Time for more upbeat historical memes

by | Aug 24, 2007


Another week, another comparison between the US and the last days of Rome. This week, the man full of woe about military overstretch and fiscal implosion is David Walker – the Comptroller General of the United States and head of the Government Accountability Office, no less – who writes in the FT that:

America’s fiscal, healthcare, education, energy, environment, immigration and Iraq policies are in need of review and revision. Timely action is needed because Washington’s historical crisis-management approach to dealing with hard public policy choices is no longer prudent.

Rather than discussing whether America today is or isn’t like Rome’s last days in the late fourth century CE, I’ll just note how successfully the “US heading into a decline-and-fall scenario” meme continues to propagate itself (c.f. last week’s post about Thomas Homer-Dixon‘s latest book), not least among Americans themselves – and make two additional observations.

One is that the “decline and fall” meme of popular imagination – riots, starvation, conquest, a thousand years in the Dark Ages – rests on an incomplete, and rather Atlanticist, view of Rome. After all, there is the small matter of the eastern empire, i.e. Byzantium, as it became. Gibbon’s Decline and Fall of Rome runs for a full 1,045 years beyond Alaric’s conquest of Italy in 408CE, all the way to the fall of Constantinople in 1453.

Byzantium’s rise after the split of the Roman Empire provides a precise illustration of Homer-Dixon’s central point: if breakdown can lead to collapse, it can also be a springboard for transformation and renewal. This is a useful and important counter-meme to the riots / starvation / Dark Age meme – and one which deserves to be propagated more often.

The other observation is simply: we could do with some more constructive historical analogies than the ones we have today. Other than the decline-and-fall analogy, the other one most discussed today is Vietnam; another relentlessly gloomy reference point in the popular imagination. (Update: I have just remembered the subject of my last post – whether Iraq is at a ‘Weimar moment’. So I include myself in this criticism!)

Maybe we could do with some more hopeful historical analogies; so here are three starters for ten. Other suggestions welcome.

  1. The Renaissance. Hardly a period of prosperous stability, the Renaissance saw constant warring between rival cities (c.f. armoured suburbs), horrendous epidemics and a crash in the population of Europe. But it also saw the greatest cultural flowering of the last thousand years, a fundamental reappraisal of earlier paradigms, and a delicious intellectual emphasis on synthesis between disciplines that we’d do well to redisover today.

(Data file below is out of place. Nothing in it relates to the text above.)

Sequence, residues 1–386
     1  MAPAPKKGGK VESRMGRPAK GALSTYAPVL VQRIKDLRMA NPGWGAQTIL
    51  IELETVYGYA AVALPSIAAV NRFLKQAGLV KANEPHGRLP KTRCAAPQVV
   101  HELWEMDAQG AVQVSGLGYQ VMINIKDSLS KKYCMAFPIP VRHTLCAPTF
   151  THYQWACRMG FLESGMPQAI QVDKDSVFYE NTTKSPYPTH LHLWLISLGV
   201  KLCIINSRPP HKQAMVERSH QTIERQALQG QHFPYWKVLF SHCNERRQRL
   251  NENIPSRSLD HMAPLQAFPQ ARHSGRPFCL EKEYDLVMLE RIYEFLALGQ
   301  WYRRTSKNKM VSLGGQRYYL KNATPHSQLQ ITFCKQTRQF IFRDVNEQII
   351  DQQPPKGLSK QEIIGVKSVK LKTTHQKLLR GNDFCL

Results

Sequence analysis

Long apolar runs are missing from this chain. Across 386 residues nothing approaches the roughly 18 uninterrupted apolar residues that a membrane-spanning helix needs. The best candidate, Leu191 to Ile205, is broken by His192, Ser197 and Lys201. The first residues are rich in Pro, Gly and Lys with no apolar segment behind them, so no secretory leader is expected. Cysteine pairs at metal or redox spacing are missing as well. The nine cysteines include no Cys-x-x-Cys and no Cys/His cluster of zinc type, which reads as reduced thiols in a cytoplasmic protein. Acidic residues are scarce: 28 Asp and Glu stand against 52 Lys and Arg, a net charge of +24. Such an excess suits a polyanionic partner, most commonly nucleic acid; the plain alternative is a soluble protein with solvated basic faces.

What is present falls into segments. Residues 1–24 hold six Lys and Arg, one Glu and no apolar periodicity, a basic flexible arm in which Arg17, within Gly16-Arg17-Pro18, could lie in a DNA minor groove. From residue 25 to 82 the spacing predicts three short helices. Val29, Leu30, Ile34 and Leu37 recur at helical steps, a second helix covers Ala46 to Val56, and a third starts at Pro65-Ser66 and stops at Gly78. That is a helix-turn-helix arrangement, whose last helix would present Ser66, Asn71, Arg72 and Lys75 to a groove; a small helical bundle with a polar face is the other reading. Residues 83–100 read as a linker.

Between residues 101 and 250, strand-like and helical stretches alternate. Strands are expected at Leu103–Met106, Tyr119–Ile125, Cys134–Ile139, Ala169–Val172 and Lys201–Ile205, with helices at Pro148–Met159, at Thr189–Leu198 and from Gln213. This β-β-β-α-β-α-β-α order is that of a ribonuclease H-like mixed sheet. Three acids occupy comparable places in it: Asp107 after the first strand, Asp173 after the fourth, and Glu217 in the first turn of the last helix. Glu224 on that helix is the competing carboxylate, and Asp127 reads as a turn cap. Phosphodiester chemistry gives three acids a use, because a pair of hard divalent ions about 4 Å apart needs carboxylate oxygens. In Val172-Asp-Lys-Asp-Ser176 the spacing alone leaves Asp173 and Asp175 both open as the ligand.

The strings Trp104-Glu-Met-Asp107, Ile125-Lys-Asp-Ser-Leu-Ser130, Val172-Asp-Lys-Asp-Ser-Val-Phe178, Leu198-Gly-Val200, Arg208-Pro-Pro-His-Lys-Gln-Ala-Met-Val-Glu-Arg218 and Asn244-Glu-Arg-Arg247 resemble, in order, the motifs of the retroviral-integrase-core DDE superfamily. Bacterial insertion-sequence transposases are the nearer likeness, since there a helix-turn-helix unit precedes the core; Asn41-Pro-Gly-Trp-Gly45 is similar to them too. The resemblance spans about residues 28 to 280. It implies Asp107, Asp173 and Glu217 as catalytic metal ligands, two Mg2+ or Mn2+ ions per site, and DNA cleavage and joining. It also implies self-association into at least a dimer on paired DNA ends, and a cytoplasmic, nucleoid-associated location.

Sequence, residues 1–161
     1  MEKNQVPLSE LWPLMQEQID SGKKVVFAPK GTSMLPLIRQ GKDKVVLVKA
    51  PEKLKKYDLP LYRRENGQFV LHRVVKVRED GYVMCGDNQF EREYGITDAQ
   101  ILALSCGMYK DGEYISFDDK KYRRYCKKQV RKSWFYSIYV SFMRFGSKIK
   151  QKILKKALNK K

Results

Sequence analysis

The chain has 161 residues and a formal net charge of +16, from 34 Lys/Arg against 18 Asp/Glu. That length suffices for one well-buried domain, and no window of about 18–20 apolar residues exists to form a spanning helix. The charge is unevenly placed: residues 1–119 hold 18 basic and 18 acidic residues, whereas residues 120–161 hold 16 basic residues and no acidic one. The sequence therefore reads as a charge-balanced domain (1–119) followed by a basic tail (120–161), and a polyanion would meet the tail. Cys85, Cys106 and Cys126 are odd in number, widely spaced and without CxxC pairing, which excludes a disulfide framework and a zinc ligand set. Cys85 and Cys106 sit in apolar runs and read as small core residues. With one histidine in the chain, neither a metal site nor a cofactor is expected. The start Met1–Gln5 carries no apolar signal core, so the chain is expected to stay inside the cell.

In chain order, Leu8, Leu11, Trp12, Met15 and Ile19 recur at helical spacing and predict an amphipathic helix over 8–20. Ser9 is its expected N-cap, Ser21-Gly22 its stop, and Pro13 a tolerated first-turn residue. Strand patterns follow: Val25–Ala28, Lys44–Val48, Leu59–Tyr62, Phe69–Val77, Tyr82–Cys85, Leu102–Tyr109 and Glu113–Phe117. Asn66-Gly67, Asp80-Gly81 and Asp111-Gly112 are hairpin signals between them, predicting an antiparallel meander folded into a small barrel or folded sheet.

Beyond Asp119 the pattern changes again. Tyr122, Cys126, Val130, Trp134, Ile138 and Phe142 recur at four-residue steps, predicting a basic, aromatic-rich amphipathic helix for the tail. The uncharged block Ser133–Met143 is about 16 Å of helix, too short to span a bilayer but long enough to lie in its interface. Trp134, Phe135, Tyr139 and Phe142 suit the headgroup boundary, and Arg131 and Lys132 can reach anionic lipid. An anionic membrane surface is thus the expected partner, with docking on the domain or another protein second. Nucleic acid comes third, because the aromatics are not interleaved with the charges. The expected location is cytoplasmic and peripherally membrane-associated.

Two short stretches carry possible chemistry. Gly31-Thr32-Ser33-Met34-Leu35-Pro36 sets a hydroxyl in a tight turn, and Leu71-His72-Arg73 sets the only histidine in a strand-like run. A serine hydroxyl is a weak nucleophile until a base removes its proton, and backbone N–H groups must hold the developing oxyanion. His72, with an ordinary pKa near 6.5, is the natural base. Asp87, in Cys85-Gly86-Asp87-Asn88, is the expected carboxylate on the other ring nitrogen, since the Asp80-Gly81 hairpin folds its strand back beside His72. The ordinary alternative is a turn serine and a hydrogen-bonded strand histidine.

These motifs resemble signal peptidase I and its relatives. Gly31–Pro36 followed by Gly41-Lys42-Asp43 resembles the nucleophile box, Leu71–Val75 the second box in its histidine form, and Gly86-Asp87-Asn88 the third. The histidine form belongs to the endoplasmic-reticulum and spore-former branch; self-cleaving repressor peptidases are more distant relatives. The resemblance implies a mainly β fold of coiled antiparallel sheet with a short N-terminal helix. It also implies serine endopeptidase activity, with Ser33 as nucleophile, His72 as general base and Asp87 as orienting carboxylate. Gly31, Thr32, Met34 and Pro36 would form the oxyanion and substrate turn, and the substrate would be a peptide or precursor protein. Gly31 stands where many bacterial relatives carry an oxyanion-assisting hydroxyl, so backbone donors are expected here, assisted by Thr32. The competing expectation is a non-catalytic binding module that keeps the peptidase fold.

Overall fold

2. Andalucia under the Moors. Like the Renaissance, this was no utopia: the terrible massacre of Jews in Granada in 1066 proves that. But it was, even so, a period of peaceful coexistence between Muslims, Jews and Christians (to the extent of it being possible for a Jew to be prime minister in a Muslim state). And for all the fault lines opening up in the Middle East today, the fact is that Muslims, Jews and Christians do live together peacefully in a way that was unimaginable after the fall of Spain in 1492. If you don’t believe me, then you haven’t been to Brooklyn or Clapton in East London lately.
  3. The Axial Age. This term, coined by the German philosopher Karl Jaspers, refers to the six century period from 800BCE to 200BCE – which saw Platonism, Buddhism, Confucianism, Zoroastrianism, the Upanishads, Elijah, Isaiah, Jeremiah and Socrates. The religious author Karen Armstrong – whose superb The Great Transformation is a terrific history of the period – argues that the Enlightenment was a second Axial Age. We could do a lot worse than to argue that the frontiers of science research – especially in cognition and psychology – augur the possibility of another Axial Age.

Author

  • Alex Evans

    Alex Evans is founder of the Collective Psychology Project, which explores how we can use psychology to reduce political tribalism and polarisation, a senior fellow at New York University, and author of The Myth Gap: What Happens When Evidence and Arguments Aren’t Enough? (Penguin, 2017). He is a former Campaign Director of the 50 million member global citizen’s movement Avaaz, special adviser to two UK Cabinet Ministers, climate expert in the UN Secretary-General’s office, and was Research Director for the Business Commission on Sustainable Development. He was part of Ethiopia’s delegation to the Paris climate summit and has consulted for Oxfam, WWF UK, the UK Cabinet Office and US State Department. Alex lives with his wife and two children in Yorkshire.


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